Granted, many voters wait until the last week to mail those ballots but we want to provide more voter education. That is, after all, the reason why we produce the previews.


Some cheers, some boos; mostly indifference to the bobblehead battle between Whitman and Brown

Meg Whitman fans grabbed up bobbleheads faster than Jerry Brown fans at Friday night’s Sacramento River Cats game, which brought to mind Brown campaign manager Steve Glazer’s prediction that Whitman would likely buy out all the dolls ahead of time.

Not that that happened, though there were quite a few well-dressed folks who walked through the VIP glass doors, where Whitman dolls went like wildfire.

Perhaps if Roger Salazar, director of the labor-backed independent expenditure group, California Working Families for Brown for Governor 2010, had taken things more seriously and showed up earlier to the game, things would have been different.

“I’m just here for the game,” he said, having arrived a good half hour after the last of the 2,500 bobbleheads were given out.

When the River Cats announced Whitman had won, there were some cheers, some boos, but mostly indifference from a crowd that was there for the game with the Iowa Cubs, to see in person Hall of Famer and would-be Chicago Cubs manager Ryne Sandberg, and, especially, for the $1 hot dogs and ice cream bars.

The loudest cheers came as fans clamored for free t-shirts being launched into the stands.

Young Republicans were definitely better at the between-innings competitions, winning the chad-punching relay race and the fish-pole “vote casting,” though the public address announcer accused Republicans of cheating on the latter.

Some fans took the bobblehead competition seriously. Take for instance Ellen Frosch of Sacramento. “I wanted a Meg Whitman and they were out. they said ‘we have Jerry Browns,’ and I said no thank you.”

Fairfield teacher Monica Brown, wearing a Tom Torlakson for State Superintendent t-shirt, told a story of having dispatched her son on the Capitol Corridor train early to make sure she would get a Brown doll. She was worried that they’d be out by the time she arrived at 6 p.m.

“He got there at 3 p.m. and was the first in line, and it turned out I got there in time, too,” said Brown, not related to the Democratic candidate, though a Solano County Democratic official. “I’ll keep mine and take his and when we have a crab feed next year, we’ll put it out for a fund-raising gift. I think we’ll get $100 for it, easy, especially after Brown wins.”

R.J. Mann and his wife Rayma, of Ione, lounged at a picnic table outside the gates prior to the game without much interest in getting in line for the bobbleheads.

“It’s not the vote that counts tonight,” R.J. said playfully. “I don’t know if you know.”

Chuck Gardner of Sacramento said it didn’t matter which doll he got.

“You can have both of them. I don’t care for either one of them. I’d use them in target practice as far as I’m concerned. Why not? I have an Arnold Schwarzenegger one. I’ll just line ’em all up.”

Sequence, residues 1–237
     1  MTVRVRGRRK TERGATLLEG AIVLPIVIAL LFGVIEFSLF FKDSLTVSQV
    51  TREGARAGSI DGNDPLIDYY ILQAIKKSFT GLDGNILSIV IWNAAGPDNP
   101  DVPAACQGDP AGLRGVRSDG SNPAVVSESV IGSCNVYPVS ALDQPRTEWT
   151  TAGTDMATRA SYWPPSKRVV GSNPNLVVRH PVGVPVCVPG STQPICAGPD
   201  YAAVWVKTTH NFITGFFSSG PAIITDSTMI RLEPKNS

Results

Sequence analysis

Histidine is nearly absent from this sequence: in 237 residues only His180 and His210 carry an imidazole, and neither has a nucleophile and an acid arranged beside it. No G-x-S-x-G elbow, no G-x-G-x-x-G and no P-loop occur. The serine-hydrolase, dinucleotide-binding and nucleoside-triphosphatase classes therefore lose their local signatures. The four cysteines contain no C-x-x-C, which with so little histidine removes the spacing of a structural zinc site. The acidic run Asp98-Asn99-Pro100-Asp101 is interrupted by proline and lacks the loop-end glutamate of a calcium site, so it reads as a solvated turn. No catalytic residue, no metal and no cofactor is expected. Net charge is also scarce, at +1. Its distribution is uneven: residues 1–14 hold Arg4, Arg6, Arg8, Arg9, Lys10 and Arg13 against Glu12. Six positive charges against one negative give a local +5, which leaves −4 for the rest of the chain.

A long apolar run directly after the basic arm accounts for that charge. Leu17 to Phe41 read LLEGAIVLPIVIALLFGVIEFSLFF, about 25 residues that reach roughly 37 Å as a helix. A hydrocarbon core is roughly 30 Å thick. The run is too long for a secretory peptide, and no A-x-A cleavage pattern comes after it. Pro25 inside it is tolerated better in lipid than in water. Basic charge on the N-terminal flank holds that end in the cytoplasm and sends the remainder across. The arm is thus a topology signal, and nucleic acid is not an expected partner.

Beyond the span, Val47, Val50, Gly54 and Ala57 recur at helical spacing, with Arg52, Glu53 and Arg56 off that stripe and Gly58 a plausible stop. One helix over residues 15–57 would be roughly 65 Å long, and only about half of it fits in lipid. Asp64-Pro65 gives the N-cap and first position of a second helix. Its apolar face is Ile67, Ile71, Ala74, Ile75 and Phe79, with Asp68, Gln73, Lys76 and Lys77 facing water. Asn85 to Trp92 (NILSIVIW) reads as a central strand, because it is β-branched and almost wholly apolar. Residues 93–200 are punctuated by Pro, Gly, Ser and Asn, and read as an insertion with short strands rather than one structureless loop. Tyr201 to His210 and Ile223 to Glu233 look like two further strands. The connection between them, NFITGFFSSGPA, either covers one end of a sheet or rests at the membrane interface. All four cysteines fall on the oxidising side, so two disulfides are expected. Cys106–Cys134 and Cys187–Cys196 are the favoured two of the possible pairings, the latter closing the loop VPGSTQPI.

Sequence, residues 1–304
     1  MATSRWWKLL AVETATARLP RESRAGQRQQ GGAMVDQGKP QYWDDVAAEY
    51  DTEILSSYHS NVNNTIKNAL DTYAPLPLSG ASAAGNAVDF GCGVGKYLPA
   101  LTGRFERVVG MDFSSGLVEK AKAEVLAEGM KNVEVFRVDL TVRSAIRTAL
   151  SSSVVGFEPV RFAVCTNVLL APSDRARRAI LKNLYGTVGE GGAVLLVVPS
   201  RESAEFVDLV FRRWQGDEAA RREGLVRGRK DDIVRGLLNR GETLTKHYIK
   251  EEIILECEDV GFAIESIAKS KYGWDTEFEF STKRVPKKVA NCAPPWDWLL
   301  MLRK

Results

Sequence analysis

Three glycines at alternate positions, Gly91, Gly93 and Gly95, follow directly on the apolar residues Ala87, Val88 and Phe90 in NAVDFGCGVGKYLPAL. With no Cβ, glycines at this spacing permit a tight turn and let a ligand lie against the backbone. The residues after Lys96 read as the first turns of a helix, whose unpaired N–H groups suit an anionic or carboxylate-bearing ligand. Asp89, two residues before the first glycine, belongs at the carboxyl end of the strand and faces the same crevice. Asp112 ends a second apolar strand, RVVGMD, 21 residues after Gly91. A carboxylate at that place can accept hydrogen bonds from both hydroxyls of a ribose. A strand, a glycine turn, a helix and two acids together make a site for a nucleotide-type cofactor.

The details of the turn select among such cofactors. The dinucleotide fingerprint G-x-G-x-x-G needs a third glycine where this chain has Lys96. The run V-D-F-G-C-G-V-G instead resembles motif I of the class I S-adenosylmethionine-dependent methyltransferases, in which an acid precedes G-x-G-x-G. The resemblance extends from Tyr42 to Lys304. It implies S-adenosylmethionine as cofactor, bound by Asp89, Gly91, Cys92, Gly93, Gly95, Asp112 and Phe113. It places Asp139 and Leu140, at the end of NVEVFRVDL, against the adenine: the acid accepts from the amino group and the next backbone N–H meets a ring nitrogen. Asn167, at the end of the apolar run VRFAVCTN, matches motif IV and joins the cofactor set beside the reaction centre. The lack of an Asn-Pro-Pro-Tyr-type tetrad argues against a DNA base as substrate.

Brenda Dawson and Zac Jereb of Davis got one of each.

“We agreed to do that so they could duke it out,” Dawson said. “It’s not representative of how we’re voting.”


Rep. Miller will keynote business lunch

Rep. George Miller

Rep. George Miller

Rep. George Miller, D-Martinez, will keynote the luncheon meeting of the Contra Costa Council and its Small Business Task Force from 11:30 a.m.-1:30 p.m. on Aug. 25 at the Holiday Inn in Concord.

Miller will speak on small business issues and provide an update from the Capitol.

Reservations are due by noon on Aug. 23. The event is open to the public.

The cost is $35 for members and elected officials and $45 for nonmembers. Contact the council at 925-246-1880  or www.contracostacouncil.com.


Richmond councilman weds

Jim Rogers and Kristin Rosekrans

Jim Rogers and Kristin Rosekrans

Richmond Councilman Jim Rogers, 54, wed Kristin Rosekrans, 40, on Saturday in Pt. Richmond, confirmed the honeymooning elected official from a cruise ship off the coast of Alaska.

Rogers included the photo when he responded to my email inquiry about acquiring copies of some of his campaign finance reports. (And yes, he had the reports sent to me.)

Here is what fellow Richmond Councilman Tom Butt posted on his email forum:

Jim Rogers and Kristin Rosekrans were married at Keller’s Beach in Point Richmond, followed by a celebration at their new home nearby. Kristin is originally from Berkeley but has spent much of the last ten years abroad, teaching in Ghana and El Salvador. In Ghana, she was Associate Director for Literacy Programs at the Education Development Center in Accra, Ghana. More recently, she has been the Senior Education Advisor for USAID in San Salvador, EL Salvador.

She earned a Master of Education in International Education Policy at Harvard and is working on her PhD at Cal Berkeley while continuing to teach. She is published in education journals, including “Influencing Education Policy Using Participatory Research and Informed Dialogue: Lessons from El Salvador.”

Kristin’s father presided at the ceremony.

Jim and Kristin met the modern way, on line. Jim joked that it’s a good thing she has been out of the country so long because she had never seen a People’s Lawyer commercial. They are off to Alaska for a honeymoon and presumably will be back in time for resumption of City Council business in September.